Ideology and Economics

One of the most pernicious and misguided developments of the past century or so is the rise of ideology as a kind of secular religion.   Ideologies emerge as vast simplifications of reality in order to build theoretical frameworks that are based on certain core assumptions.  The result is a world view that yields some fundamental principles which in turn are used to justify and rationalize action.

One example is free market capitalism.  Assumptions are made about human behavior, an individualist ontology is adopted, and the result is a theory of how the market works (supply and demand, equilibrium, self-interested behavior yielding the best result, markets being better than bureaucracies in making decisions since markets gather massive amounts of information through individual choices, etc.)  This theory then provides policy prescriptions and a blueprint for the ‘best’ sort of economic structure.  If you take this to a logical extreme (i.e., if you forget that the ideology is based on a vast simplification of reality) then markets are always the answer, there should be little or no government, and the ideology guides every choice to be made.  In its most dangerous form, ideologues try to don the mantel of ethics and principle by defining the ideology as the central core of human meaning.  A few of these people become ideological zealots, uncompromising puritans whose need for meaning in life is filled by a secular religion, and they become as dogmatic as your most devout religious extremist.   Often these same people see religion as a myth for the small minded, and don’t recognize that they are just as tied to myth as the religious folk they ridicule.  Whereas the religious at least know they are taking a leap of faith, the secular ideologues believe that reason has given them an objectively true answer.

But then check the other side, the socialists.  They have an ideology that defines capitalism as inherently exploitative and crisis prone, which, obviously, it is.  Yet when faced with this they try to create an ideological alternative where there will be no crises and no exploitation, just people working for the good of the whole, and sharing in the wealth.  This is rationalized with an ideology that subordinates politics, culture, human nature and psychology to economics.  All that matters is the economic system, and if it is run properly, a truly rational and just outcome will emerge, one that will yield such success that individuals will be free from alienation and able to achieve their true desires.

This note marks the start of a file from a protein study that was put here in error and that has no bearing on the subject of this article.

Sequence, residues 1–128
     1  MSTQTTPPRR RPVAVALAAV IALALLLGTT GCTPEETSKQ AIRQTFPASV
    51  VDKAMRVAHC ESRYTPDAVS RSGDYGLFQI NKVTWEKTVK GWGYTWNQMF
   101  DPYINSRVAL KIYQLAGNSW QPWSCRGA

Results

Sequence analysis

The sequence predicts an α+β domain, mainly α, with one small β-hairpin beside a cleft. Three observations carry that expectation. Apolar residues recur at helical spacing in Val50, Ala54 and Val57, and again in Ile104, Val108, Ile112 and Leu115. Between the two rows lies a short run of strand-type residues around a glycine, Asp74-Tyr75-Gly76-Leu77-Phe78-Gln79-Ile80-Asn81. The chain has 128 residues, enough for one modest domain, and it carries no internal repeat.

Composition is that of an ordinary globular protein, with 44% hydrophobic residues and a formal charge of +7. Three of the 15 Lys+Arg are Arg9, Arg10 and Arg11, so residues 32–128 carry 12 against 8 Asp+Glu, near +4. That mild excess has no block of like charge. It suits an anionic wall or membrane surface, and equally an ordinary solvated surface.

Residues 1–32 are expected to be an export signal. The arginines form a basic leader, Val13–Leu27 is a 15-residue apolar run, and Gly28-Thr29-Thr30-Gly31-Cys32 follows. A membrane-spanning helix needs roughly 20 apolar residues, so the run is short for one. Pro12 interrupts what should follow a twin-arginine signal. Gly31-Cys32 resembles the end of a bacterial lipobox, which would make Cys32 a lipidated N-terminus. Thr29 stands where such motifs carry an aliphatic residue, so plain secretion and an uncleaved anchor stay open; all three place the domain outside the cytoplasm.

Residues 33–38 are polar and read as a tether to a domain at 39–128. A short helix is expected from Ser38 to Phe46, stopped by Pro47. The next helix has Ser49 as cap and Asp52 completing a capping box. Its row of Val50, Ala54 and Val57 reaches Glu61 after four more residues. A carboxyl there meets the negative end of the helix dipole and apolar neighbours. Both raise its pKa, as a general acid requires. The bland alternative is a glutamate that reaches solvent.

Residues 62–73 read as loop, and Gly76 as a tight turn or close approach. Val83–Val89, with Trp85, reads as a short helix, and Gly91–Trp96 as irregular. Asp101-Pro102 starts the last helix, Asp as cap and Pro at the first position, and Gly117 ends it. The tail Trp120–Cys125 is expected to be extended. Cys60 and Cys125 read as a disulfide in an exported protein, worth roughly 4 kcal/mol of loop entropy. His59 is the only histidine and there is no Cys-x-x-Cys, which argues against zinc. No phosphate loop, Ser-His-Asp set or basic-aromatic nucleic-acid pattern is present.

Of course, this “objectively just” economic system can’t function without a government, and somehow human beings when given power in a capitalist system will exploit, while when given power in a socialist system will work for the good of the masses.  Anyone see a problem with that assumption?  People are what screw up capitalism, people are what screw up socialism, and people do so not just out of ill will or selfishness, but also because their actions are driven by their cultural beliefs, political values, and position in society.

Now, as governments step in to develop plans to attempt to guide economies away from the catastrophic dangers that credit market collapse would create, left and right alike cling to ideology as their source for prescriptions about what to do.   Many “free marketeers” are appalled that even Republican governments and candidates are embracing an intrusive government solution.  The problem, however, is not regulation or government action, but under-regulation and government inaction.  The problem is also that you cannot have a major economic system without it being prone to close government-business ties.  The ideological dream of a market system absent politics (or with minimal political involvement), or of a socialist system absent markets (or with intensely manipulated markets) are practical impossibilities.  Such perspectives are examples of ideology-driven understandings of reality, rather than consideration of how human society really works.

Simply, ideology does not give answers about economics.  At best theories about capitalism, socialism, and various types of economic structures can be useful to develop pragmatic approaches to economic problems.  Those who grab an ideology will simply look for solutions, or rationalize non-action, by applying a principle which they falsely believe to be based on objective truth.  Instead of taking into account different perspectives, thinking creatively for solutions, making compromises about accepting some market exploitation and inequities and some government interference for a balanced, mixed approach that isn’t perfect, but might be as good as we can manage, they want their “ism” pure and unvarnished.  Instead of thinking, they want an answer key that comes from a set of assumptions and principles.

The current crisis defies ideological thinking.  It cannot be addressed with glib “well, let them collapse, it was a bad investment” or “bail out everyone, they were all fooled.”  Instead, we have to think about the consequences of different policies, the fiscal realities the country faces, the danger that doing too much to rescue failing banks and firms might harm the economy in numerous other ways, while doing too little might allow the crisis to spread out of control.   Most importantly, we have to separate economics from ideology, at least ideological purity.  The world is too complex, ideologies are too shallow and incomplete.  Creative problem solving involves borrowing and taking from many theories in a way that practically deals with problems.